How and when to sit….
At Louis XIV’s court even the most simple of tasks, like placing one’s behind on a piece of furniture designed for it, was an utterly complicated matter at times. Not just was it very important how one sat down, sitting down at the wrong time on the wrong chair could mean one’s ruin.
Who could sit where and when was dictated by etiquette and depended on rank, title and situation. It was a very serious matter. So serious that private wars were fought over whose wifey had to stand or sit in whose presence and whose wifey had to rise in order to make space for someone higher ranking. Even the act of sitting itself had rules of how it was to be done in the most fashionable and elegant way.
When sitting down, a gentleman would do so by sliding his left foot in front of the right and using the arms to assist in lowering the behind. This was done quite slowly for a practical reason… as tighter breeches came into fashion, sitting down too fast could force them to split in a delicate area. The females did not have this issue, obviously, but they had to deal with discreetly arranging the sometimes voluminous hind-parts of their gowns in a way that ensured they would not get flattened by sitting on them. Male or female, crossing ones legs when at court was a no go. One had to sit with ones back being straight and both feet on the ground. The arms should be placed elegantly and in a way the inside of the wrists could be seen. The skin there is very delicate and allows the blue of the veins to be seen, the paler the skin and the bluer the veins, the more handsome. Unless it is ones own home, sitting down just like that without invitation, is very bad manners. A seat must always be offered first. In the salons at court, one could sit down without invitation, but here is where it gets quite complicated.
As with many other matters, precedence played a big role in matters of sitting and not everyone was allowed to sit in the presence of certain people. Something called the honours of the Louvre played a big role here. Those honours are a list of things to which those that had been granted the the honours of the Louvre were entitled, for example to kneel on a certain kind of cushion at mass when the King was present or to sit on a tabouret.
Only the Queen and King had the right to sit on a fauteuil, a chair with arms, this did also apply to foreign Monarchs and made matters a little complicated in case of the exiled English Monarchs. The exiled James II and his Queen, for example, had the right to fauteuils and as James II died, Louis XIV granted this right to James’ son James Francis Edward Stuart aka the Old Pretender, therefore basically making him a proper King, although England had William III.
Chairs without arms but with a backrest, were for the members of the Royal Family. Including the King’s brother and his wife as well as the Children of France. During Louis XIV’s reign it was common for his sons to stand, while his daughters sat.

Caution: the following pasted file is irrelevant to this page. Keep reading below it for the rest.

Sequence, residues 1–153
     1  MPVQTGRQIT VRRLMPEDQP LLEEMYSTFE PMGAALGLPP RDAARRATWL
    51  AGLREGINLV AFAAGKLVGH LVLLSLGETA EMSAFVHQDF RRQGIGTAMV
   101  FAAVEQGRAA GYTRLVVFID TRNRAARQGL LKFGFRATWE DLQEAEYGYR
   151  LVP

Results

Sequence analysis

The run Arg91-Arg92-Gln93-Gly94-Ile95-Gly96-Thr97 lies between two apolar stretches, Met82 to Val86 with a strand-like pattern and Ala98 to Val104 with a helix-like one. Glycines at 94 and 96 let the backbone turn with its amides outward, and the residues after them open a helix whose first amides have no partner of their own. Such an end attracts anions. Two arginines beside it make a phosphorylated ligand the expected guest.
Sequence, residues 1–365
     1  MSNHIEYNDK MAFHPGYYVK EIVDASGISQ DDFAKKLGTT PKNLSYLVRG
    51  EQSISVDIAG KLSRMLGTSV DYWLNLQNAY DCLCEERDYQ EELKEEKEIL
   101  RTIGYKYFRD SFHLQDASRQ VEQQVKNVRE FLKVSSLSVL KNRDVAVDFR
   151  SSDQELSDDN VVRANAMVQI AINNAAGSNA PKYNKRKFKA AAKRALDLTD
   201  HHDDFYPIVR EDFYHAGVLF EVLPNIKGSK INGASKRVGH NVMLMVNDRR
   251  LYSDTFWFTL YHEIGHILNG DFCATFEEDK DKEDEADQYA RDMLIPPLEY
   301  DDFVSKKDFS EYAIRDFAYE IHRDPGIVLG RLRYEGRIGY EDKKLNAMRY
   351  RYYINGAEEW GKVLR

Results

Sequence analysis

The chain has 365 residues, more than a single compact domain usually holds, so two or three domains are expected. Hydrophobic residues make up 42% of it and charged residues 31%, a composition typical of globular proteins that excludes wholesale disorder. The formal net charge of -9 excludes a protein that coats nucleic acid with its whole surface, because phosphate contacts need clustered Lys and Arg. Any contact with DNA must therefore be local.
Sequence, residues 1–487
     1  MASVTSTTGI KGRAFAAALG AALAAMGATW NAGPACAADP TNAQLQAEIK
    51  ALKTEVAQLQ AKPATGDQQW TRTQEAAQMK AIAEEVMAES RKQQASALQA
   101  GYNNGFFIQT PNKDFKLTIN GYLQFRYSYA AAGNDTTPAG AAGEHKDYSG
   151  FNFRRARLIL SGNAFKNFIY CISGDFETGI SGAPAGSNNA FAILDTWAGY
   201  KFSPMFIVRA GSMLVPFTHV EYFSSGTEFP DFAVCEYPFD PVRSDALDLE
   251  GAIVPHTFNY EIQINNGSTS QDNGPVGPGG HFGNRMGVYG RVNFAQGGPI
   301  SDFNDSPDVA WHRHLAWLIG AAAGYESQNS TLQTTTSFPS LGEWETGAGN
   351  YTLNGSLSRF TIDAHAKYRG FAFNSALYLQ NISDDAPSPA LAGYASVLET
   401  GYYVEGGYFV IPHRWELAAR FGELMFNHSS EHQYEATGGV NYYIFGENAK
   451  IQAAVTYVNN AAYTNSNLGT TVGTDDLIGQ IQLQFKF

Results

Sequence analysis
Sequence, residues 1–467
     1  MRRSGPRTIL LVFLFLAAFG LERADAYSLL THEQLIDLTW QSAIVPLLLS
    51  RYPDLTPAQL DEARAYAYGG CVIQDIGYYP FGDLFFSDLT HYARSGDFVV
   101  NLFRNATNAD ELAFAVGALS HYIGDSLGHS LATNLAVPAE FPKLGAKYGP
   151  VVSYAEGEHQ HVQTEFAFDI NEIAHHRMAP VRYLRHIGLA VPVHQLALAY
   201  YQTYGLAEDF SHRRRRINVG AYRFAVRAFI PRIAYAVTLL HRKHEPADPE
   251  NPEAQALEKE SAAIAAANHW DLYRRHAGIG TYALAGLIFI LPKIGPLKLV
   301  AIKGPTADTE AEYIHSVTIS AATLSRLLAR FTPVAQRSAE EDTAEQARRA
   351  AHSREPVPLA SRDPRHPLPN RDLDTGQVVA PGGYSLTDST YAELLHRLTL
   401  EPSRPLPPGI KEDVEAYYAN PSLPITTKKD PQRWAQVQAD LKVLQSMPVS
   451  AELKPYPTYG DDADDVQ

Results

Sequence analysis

Tabourets, or stools, were for the Duchesses. Everyone else had to stand.
So far it is not too complicated, but it will get now… If the Queen was alone, meaning the King was not with her, Cardinals could take a seat on a stool, while in presence of the King they were required to stand. In presence of the King, the Children and Grandchildren of France were allowed to sit, but only on a stool and not a chair. Princes of the Blood had to stand, but Princesses and Duchesses were allowed to sit on a stool.
If both Queen and King were not present, the rules changed completely. In presence of the Dauphin, his siblings the Children of France could sit on an armchair, while the Grandchildren of France, Cardinals, Princesses of the Blood and Duchesses were entitled to tabourets.
If the Dauphin was not present, but one of his children was, the rules changed again. In presence of a Grandchild of France, all those of equal rank were granted armchairs. The Princes and Princesses of the Blood, Cardinals and Duchesses had the right to chairs with backs in this case and Ducs were allowed to sit as well, but only on a tabouret.
In Presence of Princes and Princesses of the Blood, armchairs were granted to Cardinals, Ducs and Duchesses. In this case, men and women of quality could sit on a tabouret.
maybe you could recommend me of etiquettes written from 17th century ? or poems about the women and court?
i really like your great site ,all about the court and mistress is very interesting
Aurora von Goeth
Thank you for reading. There isn’t really any kind of book that has all etiquette in it, as for poems and such if you speak French you can find some in he online archives. Or check out the works of the great writers of the time. Some of it is available for free as ebook.
ok thank you
I assume that all these etiquette rules have not been written by just one person, I remember reading somewhere that Cardinal Richelieu was the first to establish table manners in France. Anyway, thank you for sharing this information and if I may, I would recommend the book “Le Cannaméliste Français” to anyone who is interested about table manners, presentations of dishes, utensils, and furniture at banquets at this time
Thanks for the article. It inspired me to think about historical novels in a new light. It even inspired my Story-A-Day May juices to create a short story around the idea. I gave you credit for the inspiration: https://medium.com/@ebonstorm/a-bright-empire-824a3c7379c7